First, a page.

The Psalmist sings, “Joyful are all who fear God, and who follow in God’s ways! You shall eat the fruit of your labour; joy and shalom shall be yours. Your beloved shall be like a fruitful vine within your house, your children like olive shoots around your table.” (Psalm 128:1-3)
I experience palpable joy every now and again. Most often it is when I have returned home to my family after being away for a few days for work. Sometimes it is anticipatory – I get off the train, inhale the fresh sea air and walk up the hill brimming with the joyful thought that I am about to see and hug and be amongst my family again.
Sometimes it is delayed – I might have arrived home the night before and then the next day I am out walking to the shops and I feel joy well up within me at the thought that I am at home.
It is not spectacular – not a high point or at a poignant moment but rather it wells up in the everyday state of the world I live in.
I have always understood happiness to be a response to a specific situation but joy to be a longer lasting response to an ongoing state. For me this is lived out in the joy I experience from time to time which I attribute to the Holy Spirit.
For me it is in part a feeling of being held by God in our troubled world and gratitude for God’s provision of a home; of God’s presence and reassurance amidst the stress and busyness of life and trauma I see in the community and the world.
For me joy is about being – recognising that I am a child of God – rather than about doing. I experience joy in acknowledging who I am and who I am in relationship with rather than because I did something or achieved something.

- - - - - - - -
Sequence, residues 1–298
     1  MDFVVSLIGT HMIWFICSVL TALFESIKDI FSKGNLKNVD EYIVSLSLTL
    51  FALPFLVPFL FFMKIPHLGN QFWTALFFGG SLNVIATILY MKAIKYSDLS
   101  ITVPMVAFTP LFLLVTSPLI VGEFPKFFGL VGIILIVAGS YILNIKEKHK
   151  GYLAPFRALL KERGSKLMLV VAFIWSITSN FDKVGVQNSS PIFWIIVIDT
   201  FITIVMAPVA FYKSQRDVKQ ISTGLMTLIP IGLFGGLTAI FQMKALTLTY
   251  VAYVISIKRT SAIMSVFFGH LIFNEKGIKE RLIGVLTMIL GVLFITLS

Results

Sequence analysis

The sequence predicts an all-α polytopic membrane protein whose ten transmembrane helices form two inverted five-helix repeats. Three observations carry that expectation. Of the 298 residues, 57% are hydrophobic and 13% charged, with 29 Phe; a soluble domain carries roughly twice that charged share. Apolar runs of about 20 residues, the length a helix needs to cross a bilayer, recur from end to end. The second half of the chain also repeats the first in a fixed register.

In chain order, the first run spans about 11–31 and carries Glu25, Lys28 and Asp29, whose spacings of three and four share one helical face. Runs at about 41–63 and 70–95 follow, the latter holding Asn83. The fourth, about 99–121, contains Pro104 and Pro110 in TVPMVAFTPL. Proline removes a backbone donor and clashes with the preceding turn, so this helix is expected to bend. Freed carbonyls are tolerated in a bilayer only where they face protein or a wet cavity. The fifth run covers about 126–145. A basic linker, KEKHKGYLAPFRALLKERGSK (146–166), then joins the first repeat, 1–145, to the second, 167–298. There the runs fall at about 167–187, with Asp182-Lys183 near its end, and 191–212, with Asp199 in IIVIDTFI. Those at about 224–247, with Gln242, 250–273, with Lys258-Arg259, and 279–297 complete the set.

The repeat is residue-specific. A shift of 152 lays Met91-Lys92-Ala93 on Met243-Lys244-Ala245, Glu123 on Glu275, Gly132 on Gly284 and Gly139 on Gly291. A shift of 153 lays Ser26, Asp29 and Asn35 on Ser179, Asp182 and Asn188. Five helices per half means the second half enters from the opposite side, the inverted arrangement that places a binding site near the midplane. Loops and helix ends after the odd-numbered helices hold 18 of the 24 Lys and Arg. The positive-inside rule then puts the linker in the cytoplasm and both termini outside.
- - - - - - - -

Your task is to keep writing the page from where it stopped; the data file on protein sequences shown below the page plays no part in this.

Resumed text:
As I understand it, the fruit of the spirit is planted in me and grows up slowly but surely through God’s agency and not through my efforts – which are usually counterproductive to that growth.
I cannot induce joy – I cannot bring it on – I cannot spend time meditating and evoke it – it just is – it is a state of being. The only action I can do in recognise it for what it is – the fruit of the spirit welling up in the world despite everything – and be grateful to God for it – and hope and pray that it will well up in me again soon. Ω
Reflect: Do you experience joy in belonging to a particular household? To a family or other community? To a landscape or place? Where do you feel particularly held by God?
What is this? Lent is the 40 days, excluding Sundays, before Easter. Traditionally it is a time of reflection and pilgrimage. To help you on this journey, Sanctuary has put together 40 stories from people both within and beyond the congregation, with associated questions for reflection and prayer. A reading will be uploaded every day of Lent. This year’s theme is Fruit of the Spirit. Why? Read this. #Lent2022. Real People, Real Stories: 40 Readings for Lent © Sanctuary, 2022.
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